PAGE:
One not accustomed to the quality of spawn can therefore judge to a certain extent by the appearance of the bricks as to the quality, at least they can judge as to the presence of an abundance or a scanty quantity of the "fiber." Since the spawn remains in good condition for several years, there is usually no danger in the use of spawn which may be one or two years old. But it does deteriorate to some extent with age, and young spawn is therefore to be preferred to old spawn, provided the other desirable qualities are equal. Those who attempt to cultivate mushrooms, and depend on commercial or manufactured spawn, should see to it that the spawn purchased possesses these desirable qualities of texture, and the presence of an abundance of the mycelium. That which appears devoid of an abundance of mycelium should be rejected, and good spawn should be called for. There is no more reason why a grower should accept a worthless spawn from his seedsman than that he should accept "addled" eggs from his grocer. In this business, that is, the manufacture and sale of spawn, poor material is apt to be thrown on the market just as in the case of seeds, poor material may find its way upon the market. Sometimes this occurs through unscrupulous dealers, at other times through their ignorance, or through their failure to know the quality of the product they are handling.
There are some brands of spawn, that is, those manufactured by certain houses, which rank very high among those who know the qualities and the value of good spawn. Some large growers send direct to the manufacturer for their spawn, and where it is to be obtained in large quantities this is a desirable thing to do, since the cost is much less. Where obtained from seedsmen in large quantities, the prices are much lower than where small quantities are purchased. One of these brands of spawn, the Barter spawn, is for sale by several different dealers, by Mr. H. E. Hicks, Kennett Square, Pa., by Henry F. Michell, 1018 Market street, Philadelphia, and by Henry Dreer, 724 Chestnut street, Philadelphia. Another brick spawn, known as "Watson Prolific," is for sale by George C. Watson, Juniper and Walnut streets, Philadelphia. James Vicks Sons, Rochester, N. Y., and Peter Henderson & Co., New York City, have their spawn manufactured expressly for their trade.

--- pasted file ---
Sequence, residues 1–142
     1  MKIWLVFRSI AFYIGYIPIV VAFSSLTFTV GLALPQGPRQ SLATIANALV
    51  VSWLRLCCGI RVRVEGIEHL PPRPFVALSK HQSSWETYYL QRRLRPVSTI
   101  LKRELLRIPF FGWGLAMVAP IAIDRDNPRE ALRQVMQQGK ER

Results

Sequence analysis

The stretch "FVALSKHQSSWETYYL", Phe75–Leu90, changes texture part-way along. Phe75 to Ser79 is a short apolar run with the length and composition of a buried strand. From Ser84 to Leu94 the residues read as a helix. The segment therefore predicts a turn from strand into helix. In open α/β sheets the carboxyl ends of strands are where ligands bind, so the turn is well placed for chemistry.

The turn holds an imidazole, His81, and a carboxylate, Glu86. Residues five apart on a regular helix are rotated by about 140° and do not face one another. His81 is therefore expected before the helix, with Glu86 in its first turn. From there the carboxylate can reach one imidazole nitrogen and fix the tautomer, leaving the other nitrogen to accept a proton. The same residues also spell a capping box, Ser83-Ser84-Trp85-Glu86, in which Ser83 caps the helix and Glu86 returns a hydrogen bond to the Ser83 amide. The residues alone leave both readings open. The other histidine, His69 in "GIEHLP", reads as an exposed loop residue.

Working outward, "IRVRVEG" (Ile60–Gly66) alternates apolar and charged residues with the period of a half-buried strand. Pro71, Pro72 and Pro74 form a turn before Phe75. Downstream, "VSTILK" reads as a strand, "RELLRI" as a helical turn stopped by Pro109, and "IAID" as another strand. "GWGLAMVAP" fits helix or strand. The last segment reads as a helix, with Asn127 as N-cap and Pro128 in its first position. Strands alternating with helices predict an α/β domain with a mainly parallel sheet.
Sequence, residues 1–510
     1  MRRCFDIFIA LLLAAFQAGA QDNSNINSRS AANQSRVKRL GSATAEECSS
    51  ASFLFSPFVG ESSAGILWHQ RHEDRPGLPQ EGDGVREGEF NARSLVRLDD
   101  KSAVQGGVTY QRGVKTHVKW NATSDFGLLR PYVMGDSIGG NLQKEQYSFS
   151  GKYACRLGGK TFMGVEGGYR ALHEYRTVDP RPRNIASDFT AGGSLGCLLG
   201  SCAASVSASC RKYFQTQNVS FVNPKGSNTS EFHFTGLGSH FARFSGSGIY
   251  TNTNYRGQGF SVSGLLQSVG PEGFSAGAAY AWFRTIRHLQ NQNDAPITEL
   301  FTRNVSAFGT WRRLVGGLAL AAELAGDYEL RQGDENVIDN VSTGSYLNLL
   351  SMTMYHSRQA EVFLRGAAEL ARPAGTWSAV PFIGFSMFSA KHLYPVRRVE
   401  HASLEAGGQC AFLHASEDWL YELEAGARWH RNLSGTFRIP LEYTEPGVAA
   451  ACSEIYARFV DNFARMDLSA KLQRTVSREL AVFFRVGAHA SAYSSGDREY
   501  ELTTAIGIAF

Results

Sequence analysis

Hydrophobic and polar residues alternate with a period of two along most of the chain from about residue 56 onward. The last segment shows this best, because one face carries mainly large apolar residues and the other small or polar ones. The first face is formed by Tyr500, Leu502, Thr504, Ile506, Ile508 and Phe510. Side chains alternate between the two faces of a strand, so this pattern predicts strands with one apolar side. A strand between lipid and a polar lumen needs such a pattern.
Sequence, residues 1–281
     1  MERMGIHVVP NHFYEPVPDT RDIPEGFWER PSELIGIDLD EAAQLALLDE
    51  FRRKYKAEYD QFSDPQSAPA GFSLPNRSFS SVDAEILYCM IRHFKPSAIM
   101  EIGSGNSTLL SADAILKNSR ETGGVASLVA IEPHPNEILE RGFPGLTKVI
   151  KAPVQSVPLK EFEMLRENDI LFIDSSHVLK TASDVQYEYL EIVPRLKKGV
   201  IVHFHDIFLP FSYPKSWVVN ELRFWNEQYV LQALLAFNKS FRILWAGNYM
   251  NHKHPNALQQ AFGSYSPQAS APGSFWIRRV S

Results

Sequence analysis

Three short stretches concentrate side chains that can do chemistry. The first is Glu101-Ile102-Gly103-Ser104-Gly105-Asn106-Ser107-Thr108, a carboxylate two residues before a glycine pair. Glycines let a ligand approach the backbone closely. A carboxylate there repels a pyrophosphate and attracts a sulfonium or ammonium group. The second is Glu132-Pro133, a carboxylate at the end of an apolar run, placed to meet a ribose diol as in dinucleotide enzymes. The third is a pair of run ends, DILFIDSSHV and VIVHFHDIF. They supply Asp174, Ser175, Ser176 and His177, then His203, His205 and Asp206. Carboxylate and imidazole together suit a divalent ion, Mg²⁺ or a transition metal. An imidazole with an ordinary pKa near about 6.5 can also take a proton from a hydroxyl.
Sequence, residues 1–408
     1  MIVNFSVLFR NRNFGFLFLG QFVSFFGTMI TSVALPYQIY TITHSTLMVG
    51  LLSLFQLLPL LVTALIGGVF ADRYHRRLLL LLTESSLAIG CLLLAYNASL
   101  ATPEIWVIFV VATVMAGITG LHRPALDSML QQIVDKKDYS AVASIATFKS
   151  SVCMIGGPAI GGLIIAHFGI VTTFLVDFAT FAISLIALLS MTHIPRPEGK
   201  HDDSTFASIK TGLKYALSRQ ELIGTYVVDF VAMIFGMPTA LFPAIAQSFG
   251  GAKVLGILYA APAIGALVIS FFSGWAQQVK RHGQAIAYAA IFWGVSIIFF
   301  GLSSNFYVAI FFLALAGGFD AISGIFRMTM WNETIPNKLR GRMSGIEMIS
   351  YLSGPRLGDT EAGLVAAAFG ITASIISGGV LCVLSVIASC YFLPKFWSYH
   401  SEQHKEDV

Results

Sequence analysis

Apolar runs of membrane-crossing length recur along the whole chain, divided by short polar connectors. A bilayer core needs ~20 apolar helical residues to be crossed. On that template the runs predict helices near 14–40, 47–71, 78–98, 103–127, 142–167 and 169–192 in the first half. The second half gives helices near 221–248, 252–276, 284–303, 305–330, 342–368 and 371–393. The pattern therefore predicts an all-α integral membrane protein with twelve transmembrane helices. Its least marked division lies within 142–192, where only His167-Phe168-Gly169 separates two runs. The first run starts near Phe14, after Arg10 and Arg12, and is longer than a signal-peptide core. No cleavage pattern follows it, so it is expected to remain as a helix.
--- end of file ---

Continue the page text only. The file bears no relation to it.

The Barter spawn is said to be made fresh every year, or every other year. Instead of the "continued culture" of spawn, that is, inoculating the bricks each succeeding year from the same line of spawn, which is, as it were, used over and over again, a return is made each year, or in the alternate years, to the natural or virgin spawn, which is obtained from old manure heaps. In this way, the Barter spawn* is within two to three, or four, generations of the natural spawn. The number of generations distant the brick is from the natural spawn, depends upon the number of times it may have been multiplied before it is inoculated into the bricks. That is, the natural spawn is probably first grown in large beds in order to multiply, to produce a sufficiently large quantity for the inoculation of the immense number of bricks to be manufactured. For it is likely that a sufficient amount of natural spawn could not be obtained to inoculate all the bricks manufactured in one year. If a sufficient amount of the natural or virgin spawn could be obtained to inoculate all the bricks of one year's manufacture, this would produce a spawn removed only one generation from that of natural spawn.
If the natural spawn were first grown in beds, and from here inoculated into bricks, this particular brick spawn would be removed two generations from the natural spawn. So the number of times that successive inoculations are made to multiply the spawn, the manufactured products are removed that many generations from the natural spawn. Where recourse is had to the natural, or virgin spawn only once in two years, the second year's product would then be further removed from the natural spawn than the first year's product. Where we know that it is removed but one or a few generations from the natural spawn, it is a more desirable kind. For the nearer it is to the natural spawn, other things being equal, the more vigorous the mycelium, and the finer will be the mushrooms produced.
* I have not learned the history of the other kinds of spawn referred to above.
The brick spawn is sometimes manufactured in this country by growers for their own use, but at present it is manufactured on such a large scale in England that little or no saving is effected by an attempt to manufacture one's own brick spawn in this country.